April 30, 2015

Why the Devil Bestows Victory Over Sin

Editor’s note: Commentaries are intended to express the richness and variety of informed and responsible Adventist opinion on current issues. They do not necessarily convey the viewpoint of the Adventist Review editorial team or the General Conference.

, Adventist product manager, Faithlife, maker of Logos Bible Software

Some of the devil’s most devoted disciples are among the best-behaved people on Earth.

The most deceived of them experience victory over sin. Some are longtime church members devoted to doing the will of God but are servants of satanic delusions.

Should it surprise us that demons can deceive and empower well-intentioned people? New Agers exchange cigarettes for carrot sticks through the power of Hindu-style meditation. The pagan power channeled to them in neopagan meditation chambers certainly isn’t the Holy Spirit. Rejoicing in victory over sinful habits, they know not that their spiritual state is worse than before they became overcomers.

Well, why would the devil bestow victory over sin?

Before addressing this, let’s reaffirm that God has plentiful power over sin for us in the resurrection life of Jesus received through His Spirit. But the devil also has power to transform lives. You see, our crafty foe wants to seize our souls through his deceptions. Thus for all that God offers, the devil has a counterfeit — even a counterfeit victory over sin, to lure us away from the cross so we trust in our own character attainments and thus forfeit salvation by grace.

All true believers yearn for total victory over sin, and the devil knows it. As we reach out for Jesus to pull us out of one gutter, Satan tries to drag us into another. Bad as it is to be snared in the slime of sinful indulgence, the ultimate deception is the opposite ditch off the gospel freeway: legalism. People imagine they are following God when in reality another force is empowering them.

Remember the Pharisees, those paragons of piety. They had conquered the flesh and its lusts to the point that they fasted twice a week. But Jesus said these trophies of self-discipline and the disciples of their zealous evangelism were actually sons of hell (see Matt. 23:15).

“Lord, I thank Thee for what Thou art doing in my life,” prayed the Pharisee in the sanctuary as he scorned the struggling soul who cast himself upon God's mercy.

That model of self-mastery knew not that his own soul was in bondage to demons — not demons of self-indulgence but demons of self-righteousness!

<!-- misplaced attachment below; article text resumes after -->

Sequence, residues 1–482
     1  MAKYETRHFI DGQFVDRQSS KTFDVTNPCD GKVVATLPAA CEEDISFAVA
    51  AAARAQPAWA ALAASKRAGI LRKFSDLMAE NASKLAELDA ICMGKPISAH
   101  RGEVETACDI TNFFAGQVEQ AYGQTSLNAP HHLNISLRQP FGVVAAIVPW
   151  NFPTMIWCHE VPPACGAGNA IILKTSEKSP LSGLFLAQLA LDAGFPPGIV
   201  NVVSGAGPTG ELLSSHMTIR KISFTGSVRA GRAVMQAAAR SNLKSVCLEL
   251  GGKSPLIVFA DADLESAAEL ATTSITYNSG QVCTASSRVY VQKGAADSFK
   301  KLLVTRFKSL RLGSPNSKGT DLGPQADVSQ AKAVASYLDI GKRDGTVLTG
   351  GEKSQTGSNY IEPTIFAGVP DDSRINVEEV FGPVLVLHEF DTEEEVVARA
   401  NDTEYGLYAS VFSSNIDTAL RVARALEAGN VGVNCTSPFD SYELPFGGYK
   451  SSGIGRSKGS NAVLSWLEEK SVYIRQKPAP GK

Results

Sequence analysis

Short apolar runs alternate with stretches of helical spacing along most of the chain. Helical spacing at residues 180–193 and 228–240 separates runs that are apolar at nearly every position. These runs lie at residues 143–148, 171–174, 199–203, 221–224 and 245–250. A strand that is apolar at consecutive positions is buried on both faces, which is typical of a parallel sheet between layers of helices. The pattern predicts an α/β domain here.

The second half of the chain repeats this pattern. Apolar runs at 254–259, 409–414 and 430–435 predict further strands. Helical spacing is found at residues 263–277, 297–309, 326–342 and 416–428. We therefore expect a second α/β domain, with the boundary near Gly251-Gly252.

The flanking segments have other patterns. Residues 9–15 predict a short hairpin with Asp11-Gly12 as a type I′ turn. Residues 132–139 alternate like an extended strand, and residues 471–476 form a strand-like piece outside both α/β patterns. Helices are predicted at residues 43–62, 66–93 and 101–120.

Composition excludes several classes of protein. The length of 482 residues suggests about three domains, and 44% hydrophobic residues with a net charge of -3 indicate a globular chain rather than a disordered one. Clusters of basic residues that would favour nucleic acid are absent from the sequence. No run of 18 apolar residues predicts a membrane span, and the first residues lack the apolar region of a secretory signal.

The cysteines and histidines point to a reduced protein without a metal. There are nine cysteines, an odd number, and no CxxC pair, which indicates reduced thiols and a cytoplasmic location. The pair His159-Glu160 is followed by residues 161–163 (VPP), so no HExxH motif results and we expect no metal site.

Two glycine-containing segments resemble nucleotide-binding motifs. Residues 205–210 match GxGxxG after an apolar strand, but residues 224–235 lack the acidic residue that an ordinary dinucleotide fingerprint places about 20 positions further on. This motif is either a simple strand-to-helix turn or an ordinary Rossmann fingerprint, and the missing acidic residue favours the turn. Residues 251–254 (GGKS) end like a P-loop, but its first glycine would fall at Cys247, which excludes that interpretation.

Demons of righteousness? Yes! The Bible warns of spiritual zealots who preach Christ but not Christ as our only hope. They preach a gospel, but one of merit rather than mercy (see 2 Cor. 11:2-4). This false gospel brings them “into bondage” (verse 20) — bondage to demons of righteousness: “For such are false apostles, deceitful workers, transforming themselves into apostles of Christ. And no wonder! For Satan himself transforms himself into an angel of light. Therefore it is no great thing if his ministers also transform themselves into ministers of righteousness” (verses 13-15).

Satan’s wolf-in-sheep's-clothing strategy multiplies his power to deceive. Take witchcraft, for example. According to the Encyclopedia Americana, “magic to cause harm is often called black magic or sorcery, and magic intended to help or cure is frequently termed white magic.” Do you see the deception? For those eager to indulge in evil, the devil has black magic. (I lament the racial overtones of that term, but such are the terms used in the world of witchcraft.) And for those who admire the miracles of blessing Jesus performed, Satan has white magic. Black magic or white magic — he doesn’t care whether people do evil or do good as long as he is in control.

In Christ’s day, Herod by the demons of indulgence killed John the Baptist for the sake of lust, while the Pharisees by demons of righteousness killed Jesus for the sake of law. In succeeding centuries, the emperors of Rome were playboys in their palaces, as bishops of Rome venerated monastics in the desert and promoted perfectionism (with purgatory as a fire escape for those not yet worthy of heaven).

In these last days, may God save us from both the demons of indulgence with their carnal liberalism and the demons of righteousness with their legalism. The final time of trouble is soon to burst upon us, with the world entrapped in Satan's deceptions.

But there will be a remnant people who “keep the commandments of God and the faith of Jesus” (Rev. 14:12). By keeping God’s commandments, the final remnant people overcome the demons of indulgence. And by cherishing faith in Jesus, they overcome the demons of righteousness.

So let us beware and be wise. Amid the worldliness around us, God offers His church victory over sin, but so does the devil. Resist his temptation to jump from the frying pan with the demons of indulgence into the fire with the demons of righteousness.

This commentary appeared in the North Pacific Union Gleaner.